Words by Simon Broughton
Although Efrén López is Spanish-born, he mostly plays various types of Turkish saz and tanbur (long-necked lutes) as well as guitar, santur (dulcimer), hurdy-gurdy and other instruments. The disc opens with the dark and powerful ‘Kurtoğlu Zeybeği’, a Turkish dance that López apparently wanted to be ‘so slow that each bar lasts a week.’ Thankfully it’s speedier than that, but it has a weighty gravity contributed by a davul (barrel drum) played by López and Cretan lyra from Kelly Thoma. It’s followed by ‘Plaerdemavida’ (Pleasure of my Life), dominated by the haunting, breathy sound of a multi-tracked ney (flute) played by Christos Barbas.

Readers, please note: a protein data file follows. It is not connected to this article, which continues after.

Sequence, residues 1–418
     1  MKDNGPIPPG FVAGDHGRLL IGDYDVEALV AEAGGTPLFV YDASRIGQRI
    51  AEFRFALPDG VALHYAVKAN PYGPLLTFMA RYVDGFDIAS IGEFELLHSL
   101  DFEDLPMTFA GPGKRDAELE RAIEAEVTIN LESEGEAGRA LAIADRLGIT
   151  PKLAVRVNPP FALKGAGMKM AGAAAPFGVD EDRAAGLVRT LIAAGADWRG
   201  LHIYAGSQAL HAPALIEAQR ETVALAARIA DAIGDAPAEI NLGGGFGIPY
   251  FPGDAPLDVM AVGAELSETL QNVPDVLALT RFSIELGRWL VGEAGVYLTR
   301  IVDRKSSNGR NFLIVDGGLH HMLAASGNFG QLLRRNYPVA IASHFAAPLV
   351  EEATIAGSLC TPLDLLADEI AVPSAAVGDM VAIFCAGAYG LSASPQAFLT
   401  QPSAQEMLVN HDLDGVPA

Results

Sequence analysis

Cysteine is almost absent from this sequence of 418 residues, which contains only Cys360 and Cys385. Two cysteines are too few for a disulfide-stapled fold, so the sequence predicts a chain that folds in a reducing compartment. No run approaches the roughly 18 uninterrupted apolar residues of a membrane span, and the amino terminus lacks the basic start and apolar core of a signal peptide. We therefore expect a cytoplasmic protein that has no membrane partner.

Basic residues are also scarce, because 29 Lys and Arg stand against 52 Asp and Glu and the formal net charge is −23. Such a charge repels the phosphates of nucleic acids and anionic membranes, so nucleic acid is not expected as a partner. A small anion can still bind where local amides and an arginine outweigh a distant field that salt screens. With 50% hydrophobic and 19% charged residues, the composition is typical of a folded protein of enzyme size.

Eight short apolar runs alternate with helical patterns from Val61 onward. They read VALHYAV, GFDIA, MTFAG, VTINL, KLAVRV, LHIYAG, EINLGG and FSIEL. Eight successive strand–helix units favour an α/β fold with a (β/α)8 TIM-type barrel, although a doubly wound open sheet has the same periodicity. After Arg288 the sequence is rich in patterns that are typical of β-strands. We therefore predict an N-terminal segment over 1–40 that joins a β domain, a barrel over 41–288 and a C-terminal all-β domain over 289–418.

If the music on this rich and beguiling album comes from anywhere, it’s from the Labyrinth workshops created by Ross Daly in Crete, dedicated to the study of the world’s modal musical traditions – and that’s certainly a hallmark of quality. The flamenco-inspired ‘Como al Pie del Suplicio Estuve’, sung by Raúl Micó, begins with a spectral melody on Cretan lyra played by Stelios Petrakis, with whom López appeared at the first Songlines Encounters Festival. One of the real showcases of long-necked lute playing is ‘O Gios tou Lykou’ (Son of the Wolf), which features López playing four different instruments. This album is bursting with musical imagination and sublime instrumental playing – with the amusing stories behind each of the pieces provided by López in the booklet.